I wish I was a guy with a story. But I can’t really tell a story without telling a story, so here goes.
People like Joe DiMaggio, the Reverend Martin Luther King, Jr., and Mother Teresa have wonderful stories. I don’t think I have one. I’m just a normal guy – more of a geek, really. In the past, I did what I did because I was fortunate. Blessed. I never really had a plan, but somehow managed to find myself in the most amazing of circumstances. At the age of 12, for example, I stumbled upon these volumes of books… in the “adult” section…
The backstory is that I grew up in an overprotective household. I wasn’t allowed to play with the other kids, go camping, take part in sleepovers or be a Cub Scout. There’s really no one to blame. I started life as a scrawny, sickly kid. Bloody noses every week for no apparent reason. My mother was always afraid I’d get beat up or hurt in some way. Because of being in the house most of the time, I had pent-up energy that had to be released. Some of my methods were pretty embarrassing – like practicing martial arts without ever having had a single lesson. I’d push back the furniture in the living room, run from corner to corner and attempt a flying kick like they do in the movies. I knew what the kick looked like in my mind. I’d hate to see what it really looked like.
Fortunately, every summer my mother took my sister and me to the library. That was our escape. My sister and I would compete on the number of books read or who read the most interesting books. Usually the bet would fizzle out by the third visit, but we enjoyed going anyway. It was a treat leaving the house and losing ourselves in the different universes experienced in the library.
The summer following her 7th grade, my sister gleefully announced she would be picking the series, “The Little House on the Prairie”. She read “Little Women” the summer before and was up for the challenge for another. My sister read books like a machine. She went through them like branches through a woodchipper. On the other hand, that summer I bounced between sharks, dinosaurs, and the life of Harry Houdini. I was looking for something different. I wandered into the “adult section” and was pulled into another world. My sister and I considered the “adult section” as the section that belonged to college professors. Books designed for people who were old, like in their mid-twenties!
A flashback to a flashback: When I was in the third grade, my father was working on his associate’s degree. Often, he shelved books from previous semesters into our humble, sturdy, walnut colored, three-shelf bookshelf. Just standing close to my father’s books made me feel special. Grown up. The books were heavier and very different from the books they gave us in elementary school. I was enamored by the weight and the smell of the paper. These simple sensations caused me to peruse the inviting pages and chapters. I felt like a spy learning something no one else in my class knew.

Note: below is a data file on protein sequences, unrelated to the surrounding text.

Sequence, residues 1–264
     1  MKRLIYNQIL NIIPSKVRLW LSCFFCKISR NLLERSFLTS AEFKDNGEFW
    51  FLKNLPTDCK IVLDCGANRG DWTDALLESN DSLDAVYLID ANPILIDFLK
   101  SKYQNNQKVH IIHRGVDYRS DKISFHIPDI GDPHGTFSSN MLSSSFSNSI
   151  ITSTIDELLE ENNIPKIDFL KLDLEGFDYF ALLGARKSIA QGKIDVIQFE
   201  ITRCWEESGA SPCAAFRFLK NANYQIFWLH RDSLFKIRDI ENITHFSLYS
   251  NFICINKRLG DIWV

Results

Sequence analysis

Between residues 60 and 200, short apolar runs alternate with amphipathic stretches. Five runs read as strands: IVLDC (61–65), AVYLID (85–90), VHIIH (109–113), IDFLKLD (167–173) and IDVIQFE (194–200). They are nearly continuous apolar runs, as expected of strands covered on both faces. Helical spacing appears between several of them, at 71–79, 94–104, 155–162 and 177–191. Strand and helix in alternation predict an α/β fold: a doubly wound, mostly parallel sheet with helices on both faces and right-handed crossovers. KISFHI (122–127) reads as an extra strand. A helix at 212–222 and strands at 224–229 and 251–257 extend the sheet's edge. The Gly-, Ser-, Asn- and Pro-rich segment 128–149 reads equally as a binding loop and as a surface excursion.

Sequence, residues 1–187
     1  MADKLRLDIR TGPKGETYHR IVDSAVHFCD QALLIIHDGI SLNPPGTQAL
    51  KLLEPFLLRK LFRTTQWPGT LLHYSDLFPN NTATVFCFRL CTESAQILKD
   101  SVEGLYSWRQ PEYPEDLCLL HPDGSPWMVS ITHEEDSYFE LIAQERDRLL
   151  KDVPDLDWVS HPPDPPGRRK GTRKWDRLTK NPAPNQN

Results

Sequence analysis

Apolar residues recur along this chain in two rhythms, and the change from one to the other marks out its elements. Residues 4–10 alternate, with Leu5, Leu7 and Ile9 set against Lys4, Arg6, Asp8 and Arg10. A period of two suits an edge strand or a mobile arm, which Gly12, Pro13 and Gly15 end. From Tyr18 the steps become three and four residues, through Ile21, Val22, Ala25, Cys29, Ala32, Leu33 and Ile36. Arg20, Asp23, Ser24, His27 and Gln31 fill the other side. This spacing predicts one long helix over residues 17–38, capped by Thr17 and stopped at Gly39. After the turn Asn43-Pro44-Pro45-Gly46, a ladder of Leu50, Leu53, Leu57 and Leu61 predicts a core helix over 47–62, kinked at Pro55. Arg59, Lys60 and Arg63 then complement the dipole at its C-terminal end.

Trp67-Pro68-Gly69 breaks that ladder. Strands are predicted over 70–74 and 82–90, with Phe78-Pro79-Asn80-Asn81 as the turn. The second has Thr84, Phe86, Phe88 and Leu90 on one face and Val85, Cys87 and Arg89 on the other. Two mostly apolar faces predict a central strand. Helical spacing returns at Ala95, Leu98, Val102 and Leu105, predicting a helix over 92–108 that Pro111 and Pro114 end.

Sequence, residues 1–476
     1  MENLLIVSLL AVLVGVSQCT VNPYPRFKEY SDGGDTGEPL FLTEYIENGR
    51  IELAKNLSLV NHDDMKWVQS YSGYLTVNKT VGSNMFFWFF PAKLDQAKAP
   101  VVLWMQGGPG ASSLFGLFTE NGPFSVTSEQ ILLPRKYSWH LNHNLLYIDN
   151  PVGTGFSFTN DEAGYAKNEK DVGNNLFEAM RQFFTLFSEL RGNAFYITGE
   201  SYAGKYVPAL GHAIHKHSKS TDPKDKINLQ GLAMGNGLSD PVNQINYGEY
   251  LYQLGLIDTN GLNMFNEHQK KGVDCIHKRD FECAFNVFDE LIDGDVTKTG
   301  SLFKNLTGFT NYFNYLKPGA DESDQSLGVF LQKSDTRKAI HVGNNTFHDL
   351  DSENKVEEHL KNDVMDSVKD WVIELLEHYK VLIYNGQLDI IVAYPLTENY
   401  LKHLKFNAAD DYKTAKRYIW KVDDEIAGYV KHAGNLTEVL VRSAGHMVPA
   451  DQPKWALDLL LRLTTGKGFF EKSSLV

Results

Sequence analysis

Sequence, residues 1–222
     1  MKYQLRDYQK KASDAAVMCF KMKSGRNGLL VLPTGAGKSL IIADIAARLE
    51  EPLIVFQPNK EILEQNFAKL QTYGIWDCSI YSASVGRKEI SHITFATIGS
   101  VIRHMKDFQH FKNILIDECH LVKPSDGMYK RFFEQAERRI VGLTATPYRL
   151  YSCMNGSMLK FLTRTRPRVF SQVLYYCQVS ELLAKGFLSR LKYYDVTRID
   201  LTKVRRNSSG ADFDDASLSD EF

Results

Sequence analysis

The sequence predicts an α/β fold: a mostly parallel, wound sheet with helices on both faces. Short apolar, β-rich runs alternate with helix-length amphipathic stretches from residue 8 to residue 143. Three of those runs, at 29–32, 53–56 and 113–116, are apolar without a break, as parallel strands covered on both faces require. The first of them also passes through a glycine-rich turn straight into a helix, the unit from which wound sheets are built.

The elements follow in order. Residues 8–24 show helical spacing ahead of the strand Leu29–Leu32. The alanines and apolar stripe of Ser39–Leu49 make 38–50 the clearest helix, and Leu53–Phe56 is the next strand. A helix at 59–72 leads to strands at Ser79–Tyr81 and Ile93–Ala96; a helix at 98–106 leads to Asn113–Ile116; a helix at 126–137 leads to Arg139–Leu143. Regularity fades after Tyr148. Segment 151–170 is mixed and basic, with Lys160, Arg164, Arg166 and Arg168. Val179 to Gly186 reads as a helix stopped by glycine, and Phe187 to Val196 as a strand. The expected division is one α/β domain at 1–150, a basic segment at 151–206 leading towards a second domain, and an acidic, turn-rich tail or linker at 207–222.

Walking through the adult section felt like walking through a forest. The shelves were six high and daunting. I searched for a book with the same, look, feel and smell as one of my father’s books. Since my sister was doing a series, I wanted to compete with my own. I found a set. Seven volumes. It was on the second shelf from the top. The binding of the spine was a thick black. Each volume approximately two inches thick. The front cover was a clear plastic. The back was black and made of a cardboard-like material. Beneath the clear plastic was an Army Green title page that said something like “The Study of Mathematics”. Intrigued, I turned past the title page. The top of the first page showed a picture of a single pencil and the number 1 next to it. It progressed in number until it reached ten pencils at the bottom. Each successive page was about determining how many pencils were in the picture. Really? This was going to be fun! I envisioned having bragging rights the end of the summer. I would have looked at and possibly read adult books. I felt sneaky because this first book was designed for me. How many pencils? Ha! I could do that. Child’s play.
Because the author had a wonderful, comfortable teaching style, it was simple to go through all the volumes. No concept seemed any more difficult than the first page of the first book. I had a blast! By the end of the summer, at the age of twelve, I completed all seven volumes. I had fun. It wouldn’t be until I entered high school that I would understand what I learned that summer was Differential Calculus. It wouldn’t be until I got into college, that I would actually apply in class what I had learned when I was twelve.
I lived most of my younger years by the seat of my pants with no real plan. I knew what I didn’t want, but I was never sure about what I wanted. My sister was different.
My sister was a rock. Always stable. Always focused. Her compass pointed in one direction and it was a true direction. She was close to her religion and her worst swear words were “gosh” and “dang-it”. No matter how far I strayed from the fold, she was there for me. There are pictures through time (some actual photos; others, memories in my mind) where she held my hand and would be my rock. She would quiet my storm. For me, she was an angel in human form.
Anabel’s Angels is about my personal relationship with my sister. It is this personal relationship which helps to guide and stir the spirit of this organization. It’s in how we treat others, bring joy and laughter and how we endeavor to lift spirits regardless of the odds.
It is therefore not directly of me nor my sister, but of the relationships developed, the paths to fostering those relationships and the results of our actions that make Anabel’s Angels the organization it is and is to become.